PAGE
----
The effect of stimulant and sedative use on treatment outcome of patients admitted to methadone maintenance treatment

Am J Addict. 2000 Spring;9(2):145-53. doi: 10.1080/10550490050173217.

Abstract

While methadone maintenance treatment (MMT) has been demonstrated to be an effective treatment for opiate dependence, its impact on the treatment outcome of other illicit drug abuse is not as clear. Using the initial urine drug screen (UDS) and follow-up UDS at 1, 6, 12, and 24 months, 167 patients consecutively admitted to MMT were evaluated for opiate, sedative (predominantly benzodiazepine), and stimulant (predominantly cocaine) use. Retention for the opiate only group was 97.32 days longer on average than for patients using opiates along with stimulants, sedatives, or both stimulants and sedatives. Patients abusing opiates only had the greatest decrease in drug use; however, MMT was also associated with decreases in cocaine and sedative use over the 24 month follow-up period. There was no evidence that patients "switched" their drugs of abuse with time in treatment. The negative impact of non-opiate drug use on outcome in MMT and its implications for treatment planning are discussed.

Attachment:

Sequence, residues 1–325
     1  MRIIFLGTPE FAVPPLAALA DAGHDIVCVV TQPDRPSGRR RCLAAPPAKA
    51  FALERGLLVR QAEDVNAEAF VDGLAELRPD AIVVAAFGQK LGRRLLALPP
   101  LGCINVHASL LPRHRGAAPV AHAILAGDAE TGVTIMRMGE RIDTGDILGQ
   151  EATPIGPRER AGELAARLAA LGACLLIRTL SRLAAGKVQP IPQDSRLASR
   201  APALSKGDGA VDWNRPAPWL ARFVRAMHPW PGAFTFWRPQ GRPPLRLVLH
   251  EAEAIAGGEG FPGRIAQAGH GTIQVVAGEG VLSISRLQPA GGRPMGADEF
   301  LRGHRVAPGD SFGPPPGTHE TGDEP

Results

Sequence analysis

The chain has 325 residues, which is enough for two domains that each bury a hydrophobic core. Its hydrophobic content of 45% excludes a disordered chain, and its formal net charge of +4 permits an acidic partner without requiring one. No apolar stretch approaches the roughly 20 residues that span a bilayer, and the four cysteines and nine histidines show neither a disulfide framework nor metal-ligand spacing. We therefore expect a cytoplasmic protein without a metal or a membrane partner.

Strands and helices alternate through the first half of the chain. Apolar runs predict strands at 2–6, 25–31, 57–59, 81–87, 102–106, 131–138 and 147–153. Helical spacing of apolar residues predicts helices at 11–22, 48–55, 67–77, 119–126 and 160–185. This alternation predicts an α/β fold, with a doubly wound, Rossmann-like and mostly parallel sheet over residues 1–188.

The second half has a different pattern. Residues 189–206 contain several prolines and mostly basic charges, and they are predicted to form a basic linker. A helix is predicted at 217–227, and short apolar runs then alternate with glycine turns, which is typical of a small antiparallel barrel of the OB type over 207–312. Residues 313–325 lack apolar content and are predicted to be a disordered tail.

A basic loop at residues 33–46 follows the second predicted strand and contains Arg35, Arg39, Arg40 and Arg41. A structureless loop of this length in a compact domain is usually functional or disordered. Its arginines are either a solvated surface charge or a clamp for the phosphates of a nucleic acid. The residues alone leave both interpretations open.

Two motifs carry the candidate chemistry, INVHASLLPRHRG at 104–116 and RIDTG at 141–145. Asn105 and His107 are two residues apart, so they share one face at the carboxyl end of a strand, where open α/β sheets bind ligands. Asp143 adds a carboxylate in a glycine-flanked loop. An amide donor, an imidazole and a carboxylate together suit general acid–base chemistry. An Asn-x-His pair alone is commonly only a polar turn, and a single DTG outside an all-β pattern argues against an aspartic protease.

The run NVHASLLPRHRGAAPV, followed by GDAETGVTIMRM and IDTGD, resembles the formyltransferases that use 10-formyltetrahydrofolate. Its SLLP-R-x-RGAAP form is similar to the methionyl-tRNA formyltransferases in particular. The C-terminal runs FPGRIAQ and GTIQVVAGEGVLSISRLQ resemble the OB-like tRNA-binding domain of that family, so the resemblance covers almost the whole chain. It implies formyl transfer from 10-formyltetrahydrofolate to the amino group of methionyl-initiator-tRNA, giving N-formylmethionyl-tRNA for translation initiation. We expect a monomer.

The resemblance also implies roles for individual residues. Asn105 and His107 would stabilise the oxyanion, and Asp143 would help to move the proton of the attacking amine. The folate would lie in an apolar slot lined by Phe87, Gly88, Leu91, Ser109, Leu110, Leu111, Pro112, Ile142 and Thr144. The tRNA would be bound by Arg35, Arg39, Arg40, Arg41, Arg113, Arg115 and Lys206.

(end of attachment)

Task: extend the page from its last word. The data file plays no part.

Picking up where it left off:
MeSH terms

  • Adult
  • Central Nervous System Stimulants*
  • Cocaine-Related Disorders / diagnosis
  • Cocaine-Related Disorders / rehabilitation
  • Female
  • Follow-Up Studies
  • Humans
  • Hypnotics and Sedatives*
  • Male
  • Methadone / adverse effects
  • Methadone / therapeutic use*
  • Opioid-Related Disorders / diagnosis
  • Opioid-Related Disorders / rehabilitation*
  • Substance Abuse Detection
  • Substance-Related Disorders / diagnosis
  • Substance-Related Disorders / rehabilitation*
  • Treatment Outcome

Substances

  • Central Nervous System Stimulants
  • Hypnotics and Sedatives
  • Methadone